OCWP June Newsletter

OCWP june 2023
Action Items

The Oklahoma Comprehensive Water Plan Public Outreach Survey is estimated to take between 5 and 10 minutes to complete. Take this opportunity to share your priorities, concerns, and thoughts on how the OCWP can provide value to you. Feel free to share the link with a friend or colleague!

Utility Providers:
The Water Supply Infrastructure Needs Survey (WSINS) was created to provide the OCWP team with critical technical information regarding local needs, which will assist in developing potential water management solutions and seeking additional funding.

Upcoming Events

The OWRB and Oklahoma Floodplain Managers Association host Floodplain Management classes throughout the year. The next class is on June 13 in McAlester. Future classes and more information are available here

The ORWA Equipment Expo is June 14-15 in Stillwater. Click here for more information and registration.

Register for Well Driller and Pump Installer Continuing Education using this link. Now through June 30, the Oklahoma Ground Water Association is partnering with the Oklahoma Water Resources Board and Oklahoma State University to offer FREE Virtual Continuing Education Classes!

Ongoing ORWA Training Opportunities for Board Members, Water Operators, and others are available around the state.


drought resources

Visit the Oklahoma Drought Portal for links to information on Oklahoma's current drought status and future outlook.

Review drought data on the national scale through the National Integrated Drought Information System.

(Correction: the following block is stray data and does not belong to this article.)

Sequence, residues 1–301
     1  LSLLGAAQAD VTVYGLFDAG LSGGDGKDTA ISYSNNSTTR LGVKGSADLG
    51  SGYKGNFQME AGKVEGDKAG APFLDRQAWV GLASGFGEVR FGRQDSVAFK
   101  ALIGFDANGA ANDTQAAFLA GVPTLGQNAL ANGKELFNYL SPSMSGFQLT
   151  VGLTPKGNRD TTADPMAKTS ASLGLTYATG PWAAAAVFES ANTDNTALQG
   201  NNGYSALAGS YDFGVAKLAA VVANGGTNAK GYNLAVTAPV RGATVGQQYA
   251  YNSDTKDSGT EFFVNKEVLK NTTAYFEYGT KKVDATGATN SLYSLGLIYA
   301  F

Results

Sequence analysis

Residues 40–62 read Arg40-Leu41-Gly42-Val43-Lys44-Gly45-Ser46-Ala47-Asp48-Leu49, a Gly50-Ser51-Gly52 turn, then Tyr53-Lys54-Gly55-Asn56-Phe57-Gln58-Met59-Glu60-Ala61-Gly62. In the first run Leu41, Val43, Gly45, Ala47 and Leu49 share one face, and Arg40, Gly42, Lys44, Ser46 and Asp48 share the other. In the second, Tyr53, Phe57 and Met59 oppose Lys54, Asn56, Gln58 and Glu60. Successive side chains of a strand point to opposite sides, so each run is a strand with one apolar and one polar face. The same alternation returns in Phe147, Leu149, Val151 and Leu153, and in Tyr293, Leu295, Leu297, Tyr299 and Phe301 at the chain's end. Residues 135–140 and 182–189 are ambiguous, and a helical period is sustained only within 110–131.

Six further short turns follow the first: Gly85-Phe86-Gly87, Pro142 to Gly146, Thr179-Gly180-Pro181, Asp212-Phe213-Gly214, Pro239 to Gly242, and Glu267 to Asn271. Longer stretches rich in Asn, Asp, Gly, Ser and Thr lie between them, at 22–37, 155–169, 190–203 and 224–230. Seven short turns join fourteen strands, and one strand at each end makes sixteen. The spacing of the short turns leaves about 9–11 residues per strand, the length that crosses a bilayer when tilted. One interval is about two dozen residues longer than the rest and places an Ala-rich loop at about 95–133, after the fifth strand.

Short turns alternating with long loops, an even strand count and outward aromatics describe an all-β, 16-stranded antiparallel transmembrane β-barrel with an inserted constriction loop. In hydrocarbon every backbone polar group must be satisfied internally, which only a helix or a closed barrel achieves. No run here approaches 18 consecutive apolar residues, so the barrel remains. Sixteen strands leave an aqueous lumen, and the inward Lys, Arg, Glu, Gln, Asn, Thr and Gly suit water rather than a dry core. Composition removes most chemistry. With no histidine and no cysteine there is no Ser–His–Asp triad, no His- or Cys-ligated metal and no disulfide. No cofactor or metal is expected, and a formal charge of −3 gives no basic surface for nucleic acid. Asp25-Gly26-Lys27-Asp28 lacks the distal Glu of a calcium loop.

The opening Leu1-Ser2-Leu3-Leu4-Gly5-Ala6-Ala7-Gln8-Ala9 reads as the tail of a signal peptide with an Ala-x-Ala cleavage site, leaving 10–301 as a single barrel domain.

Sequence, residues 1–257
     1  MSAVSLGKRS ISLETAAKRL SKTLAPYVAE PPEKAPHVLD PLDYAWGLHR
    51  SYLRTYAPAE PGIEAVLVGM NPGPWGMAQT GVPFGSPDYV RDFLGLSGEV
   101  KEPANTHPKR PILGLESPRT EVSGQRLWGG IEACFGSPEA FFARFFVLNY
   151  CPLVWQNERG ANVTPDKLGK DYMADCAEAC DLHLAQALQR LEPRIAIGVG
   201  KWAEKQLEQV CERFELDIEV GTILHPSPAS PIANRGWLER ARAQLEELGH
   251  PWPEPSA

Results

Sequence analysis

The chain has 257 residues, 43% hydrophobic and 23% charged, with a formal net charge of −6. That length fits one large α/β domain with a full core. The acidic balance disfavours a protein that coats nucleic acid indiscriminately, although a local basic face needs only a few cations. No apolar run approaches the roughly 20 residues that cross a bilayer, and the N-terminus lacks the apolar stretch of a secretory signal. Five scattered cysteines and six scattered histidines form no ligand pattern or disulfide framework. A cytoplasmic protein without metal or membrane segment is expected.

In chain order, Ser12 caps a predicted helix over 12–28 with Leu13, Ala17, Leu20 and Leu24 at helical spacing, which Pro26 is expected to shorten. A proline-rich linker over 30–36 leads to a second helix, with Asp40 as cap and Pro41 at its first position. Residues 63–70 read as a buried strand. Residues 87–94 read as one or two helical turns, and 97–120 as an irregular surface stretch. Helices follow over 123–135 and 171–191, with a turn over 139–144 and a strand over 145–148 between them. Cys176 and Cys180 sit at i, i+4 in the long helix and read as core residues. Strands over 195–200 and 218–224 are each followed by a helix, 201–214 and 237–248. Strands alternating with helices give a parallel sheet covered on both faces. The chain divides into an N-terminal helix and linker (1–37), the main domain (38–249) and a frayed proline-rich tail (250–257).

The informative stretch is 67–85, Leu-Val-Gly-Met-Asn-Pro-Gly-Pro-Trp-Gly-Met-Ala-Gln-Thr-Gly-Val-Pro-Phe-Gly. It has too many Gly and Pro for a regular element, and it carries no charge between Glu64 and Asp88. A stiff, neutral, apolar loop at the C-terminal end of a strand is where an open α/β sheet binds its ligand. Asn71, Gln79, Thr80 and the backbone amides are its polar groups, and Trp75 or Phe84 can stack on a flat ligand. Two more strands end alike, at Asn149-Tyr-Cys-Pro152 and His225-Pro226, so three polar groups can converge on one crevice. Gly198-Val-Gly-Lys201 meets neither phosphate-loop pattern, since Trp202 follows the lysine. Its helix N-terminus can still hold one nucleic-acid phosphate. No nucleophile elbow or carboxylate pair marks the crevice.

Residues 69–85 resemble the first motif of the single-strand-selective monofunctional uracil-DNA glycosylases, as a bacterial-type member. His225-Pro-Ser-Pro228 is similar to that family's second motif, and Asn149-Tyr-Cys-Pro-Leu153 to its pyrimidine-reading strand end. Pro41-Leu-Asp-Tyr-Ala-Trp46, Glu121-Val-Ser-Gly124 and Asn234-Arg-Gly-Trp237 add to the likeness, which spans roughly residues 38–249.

June 2023 OCWP highlights

Hope you are enjoying your summer and all the rain we’ve had in the past few weeks! According to the Oklahoma Mesonet, the Panhandle is at 238% of average rainfall over the past month, ranking fourth wettest on record, and we are finally seeing green in several areas!

Have you been celebrating #WorldOceanDay? NOAA reports that the ocean, which covers 70% of Earth’s surface, transports heat from the equator to the poles, regulating our climate and weather patterns. Additionally, the US ocean economy produces around $282 billion in goods and services. Check out EPA’s Oceans and Coast website to learn more about programs that work to protect and restore our nation's waters.

Agricultural Water

Producers, industry professionals, and academia are engaging in conversations through the Irrigated Agriculture Workgroup to identify local water issues and better understand local root causes. The groups are helping our Team formulate collaborative actions for improving the long-term economic viability of producers, industry, and municipalities in Oklahoma. So far, with help from OSU Extension and other ag-related professionals, two focus groups of producers have met. One in the Panhandle and one in the Southwest. The groups have considered ideas such as expanded soil heath initiatives, cooperatives for local economic development, expanded conservation training and education, to name a few, all with the goal of improving the local trajectory of our irrigation-dependent economy.

The OCWP Team will share what we have learned with a broader audience for feedback and solution-building through a progression of local meetings beginning Fall of 2023 (TBA)